Conserving Big Cats
Situated on 25,000ha of African bush, the Living with Big Cats – Wild Edition is the ideal location to experience Africa’s Big Five. This program is for volunteers who want to experience true African wildlife. Volunteers will work side by side game rangers to monitor the big five as well as other predators. In addition to the Big Five, the reserve is home to a variety of wild game and an astonishing variety of bird species.
The facility was established to provide dedicated assistance with information and data collection to partnered conservation areas to enable the best decisions for the welfare of the animals. This program is a unique and professional experience for individuals who want to make a true impact on wildlife conservation.
Situated in the Lowveld area of South Africa, the Greater Makalali Game Reserve is nestled between the Drakensburg Mountains and the Kruger National Park in the heart of the Lowveld. It is crossed by two rivers, the Selati River in the north and the Makhutswi River in the south adding to the reserves unique topography. It is 65km north-west from Hoedspruit and 75km south-east from Tzaneen.
Volunteers stay in shared rooms (2-3 people/room) with communal bathrooms when they staying at the main research camp. The camp has no fence around it so you will see free roaming animals and birdlife during the day. They visit us in the garden and we regularly see the elephant herds coming to drink at the waterhole. The main building with the office has a large comfortable lounge with a book and movie library where volunteers can spend their free time reading field guides and other books, or watching documentaries in the evening. We also have a volleyball court at the camp, or you can jump into the pool for a cool off!
The volunteer house has five cosy rooms which has two people shared sleeping arrangements. Each room has a washbasin and an ensuite bathroom, which is shared with the adjoining room, consisting of a shower with hot running water provided by eco-friendly solar heaters and flushing toilets.
The kitchen offers cooking facilities for volunteers to prepare their breakfast, lunch and dinner. The fridge is always filled up with fresh veggies and fruit, cheese and a variety of meat. Volunteers help themselves with tea, coffee, cereal and toast in the morning. For a late brunch you can do sandwiches or salads or have a tasty fry up. In the evening, after game drive, the volunteers cook a delicious meal together or just braai (South African BBQ) in our Boma, where we light up the fire after sunset.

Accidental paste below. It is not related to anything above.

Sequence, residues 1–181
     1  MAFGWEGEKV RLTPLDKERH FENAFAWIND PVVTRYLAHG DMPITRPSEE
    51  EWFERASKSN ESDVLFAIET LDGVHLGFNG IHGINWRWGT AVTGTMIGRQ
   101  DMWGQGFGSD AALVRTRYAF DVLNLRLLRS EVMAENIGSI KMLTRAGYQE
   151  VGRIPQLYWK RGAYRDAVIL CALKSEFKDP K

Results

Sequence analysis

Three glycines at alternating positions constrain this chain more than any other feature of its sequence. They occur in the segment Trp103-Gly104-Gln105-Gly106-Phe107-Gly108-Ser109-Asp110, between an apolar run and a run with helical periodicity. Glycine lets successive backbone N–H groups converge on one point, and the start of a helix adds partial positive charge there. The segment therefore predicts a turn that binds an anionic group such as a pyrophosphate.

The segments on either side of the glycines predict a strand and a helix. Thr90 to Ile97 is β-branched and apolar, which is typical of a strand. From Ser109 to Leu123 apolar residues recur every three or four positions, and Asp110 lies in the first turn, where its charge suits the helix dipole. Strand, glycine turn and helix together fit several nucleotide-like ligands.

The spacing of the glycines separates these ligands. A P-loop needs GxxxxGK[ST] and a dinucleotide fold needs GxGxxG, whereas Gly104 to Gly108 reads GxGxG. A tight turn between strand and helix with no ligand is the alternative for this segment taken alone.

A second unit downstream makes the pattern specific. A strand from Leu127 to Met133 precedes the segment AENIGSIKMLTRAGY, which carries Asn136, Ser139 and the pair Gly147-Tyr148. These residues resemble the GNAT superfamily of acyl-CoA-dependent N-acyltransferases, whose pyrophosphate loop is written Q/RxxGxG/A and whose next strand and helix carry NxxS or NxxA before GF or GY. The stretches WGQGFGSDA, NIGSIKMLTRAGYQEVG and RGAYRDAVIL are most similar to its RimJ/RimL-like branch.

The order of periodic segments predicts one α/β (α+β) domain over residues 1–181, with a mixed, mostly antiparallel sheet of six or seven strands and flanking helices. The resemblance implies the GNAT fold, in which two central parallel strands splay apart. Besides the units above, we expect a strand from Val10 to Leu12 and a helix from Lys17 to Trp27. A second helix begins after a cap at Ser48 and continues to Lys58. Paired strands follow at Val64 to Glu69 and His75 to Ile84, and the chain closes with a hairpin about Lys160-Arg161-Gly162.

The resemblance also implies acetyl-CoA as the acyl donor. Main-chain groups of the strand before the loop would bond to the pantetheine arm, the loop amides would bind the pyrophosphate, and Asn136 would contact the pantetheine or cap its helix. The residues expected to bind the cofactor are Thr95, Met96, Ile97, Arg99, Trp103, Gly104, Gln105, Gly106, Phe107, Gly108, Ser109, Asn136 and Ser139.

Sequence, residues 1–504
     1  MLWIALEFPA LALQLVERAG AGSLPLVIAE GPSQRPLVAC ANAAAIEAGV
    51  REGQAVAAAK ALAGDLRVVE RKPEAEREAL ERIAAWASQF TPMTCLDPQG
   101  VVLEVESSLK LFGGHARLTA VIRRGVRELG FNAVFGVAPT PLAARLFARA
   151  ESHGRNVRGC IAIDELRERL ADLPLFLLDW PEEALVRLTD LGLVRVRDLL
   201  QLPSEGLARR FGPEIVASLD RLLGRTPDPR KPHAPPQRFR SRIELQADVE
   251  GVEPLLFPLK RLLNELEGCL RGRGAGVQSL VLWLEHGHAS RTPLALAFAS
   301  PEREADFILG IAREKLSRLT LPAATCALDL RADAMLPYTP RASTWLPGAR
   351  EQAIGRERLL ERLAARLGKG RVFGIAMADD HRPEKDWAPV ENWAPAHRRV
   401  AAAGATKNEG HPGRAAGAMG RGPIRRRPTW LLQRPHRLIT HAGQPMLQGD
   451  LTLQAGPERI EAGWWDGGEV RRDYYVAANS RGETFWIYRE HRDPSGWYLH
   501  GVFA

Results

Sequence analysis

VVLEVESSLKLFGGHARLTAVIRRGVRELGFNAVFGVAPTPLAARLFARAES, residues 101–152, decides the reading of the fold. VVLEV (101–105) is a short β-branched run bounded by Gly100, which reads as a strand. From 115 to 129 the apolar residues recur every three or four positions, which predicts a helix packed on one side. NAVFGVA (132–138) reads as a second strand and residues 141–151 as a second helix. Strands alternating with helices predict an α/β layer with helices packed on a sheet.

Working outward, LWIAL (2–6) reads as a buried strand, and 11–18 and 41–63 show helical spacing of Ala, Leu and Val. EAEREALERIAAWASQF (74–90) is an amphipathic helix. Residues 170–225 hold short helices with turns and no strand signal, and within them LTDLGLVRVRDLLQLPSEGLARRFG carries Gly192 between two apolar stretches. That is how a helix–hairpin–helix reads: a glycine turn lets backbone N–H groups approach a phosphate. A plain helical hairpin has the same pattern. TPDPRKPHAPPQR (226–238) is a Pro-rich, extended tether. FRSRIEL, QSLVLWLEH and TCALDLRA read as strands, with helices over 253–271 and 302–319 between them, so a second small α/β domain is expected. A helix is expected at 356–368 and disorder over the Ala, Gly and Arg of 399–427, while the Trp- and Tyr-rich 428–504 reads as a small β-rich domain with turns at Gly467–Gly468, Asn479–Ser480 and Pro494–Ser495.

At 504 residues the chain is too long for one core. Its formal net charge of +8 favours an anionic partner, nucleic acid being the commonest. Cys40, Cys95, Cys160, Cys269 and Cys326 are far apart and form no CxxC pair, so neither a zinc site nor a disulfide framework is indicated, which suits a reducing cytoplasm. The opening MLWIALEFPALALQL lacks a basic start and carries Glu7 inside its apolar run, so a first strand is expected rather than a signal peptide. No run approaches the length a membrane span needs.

Transfers to and from Conserving Big Cats and Hoedspruit Airport is included.
Your cell phone will automatically switch on to the South African Vodacom or MTN-service if you have international roaming activated. Alternatively you can purchase a South African SIM for your mobile phone or an international calling card.
If you require internet access at the camps, you can arrange this for a small cost with the camp manager. On our weekly town trip you will also have the opportunities for internet access at the internet café in town to check your emails and do bookings
The South African weather varies from one area to another, the Lowveld area has very warm summers and moderate winter days with cold evenings.
Summer months in South Africa: November – April (ticks are rife during the summer).
Winter months: May – October (morning and evenings are cold).
You will have leisure time to relax during your schedule, however, activities are planned for each day.
• All linen (except towels)
• Monday to Friday housekeeping service
• Transfers from Hoedspruit Airport to Hoedspruit Endangered Species centre
• All activities as per programme/ outings – An outing every two weeks to interesting local attractions outside of the reserve (entrance fees to be paid by volunteers)
• All training for assistance with our research
• 24 hour emergency contact
Monday: Project start day. Town trip to pick up volunteers and restock supplies
Tuesday: Early start setting out on a set route drive as part of our game counting program to determine populations of general game.
In the afternoon we depart for a monitoring drive to locate one of our key species of interest; lion, elephant, leopards or hyena.
Wednesday: Waterhole monitoring in the morning to determine species utilisation of the area.
We set off for a drive in the afternoon to the breeding boma to monitor the buffalo, Livingstone eland and nyala.
Thursday: Habitat work; we could be busy with exotic plant removal, erosion control or bush clearing.
In the afternoon or evening, we head out on hyena monitoring and night patrol
Friday: Early morning start and we will be out locating the elephants as part of the ongoing research into the elephant contraception program
The afternoon we will set out to monitor bird species.
Saturday: Habitat work in the morning, followed by an afternoon monitoring drive focussing on our lion population.
On return in the evening, we may head out to the local pub or have a typical South African braai (BBQ)
Sunday: Either an outing will be planned or it will be a free day for volunteers to relax or head out on their own tour.
In between activities, volunteers will receive a series of presentations on the work of Siyafunda, or how to approach dangerous game on foot, or possibly even a Zulu lesson. This time will also be used to transfer all data collected onto the computers and compile the weekly research report, as well as helping out with vehicle checks and cleaning.
*Please note that the schedule is subject to change
Comprehensive Information Pack
Country & Area : Limpopo, South Africa
Nearest Airport : Hoedspruit Airport HDS
Transfer Time : 40 min
Duration : 2 – 12 weeks
Minimum Age : 17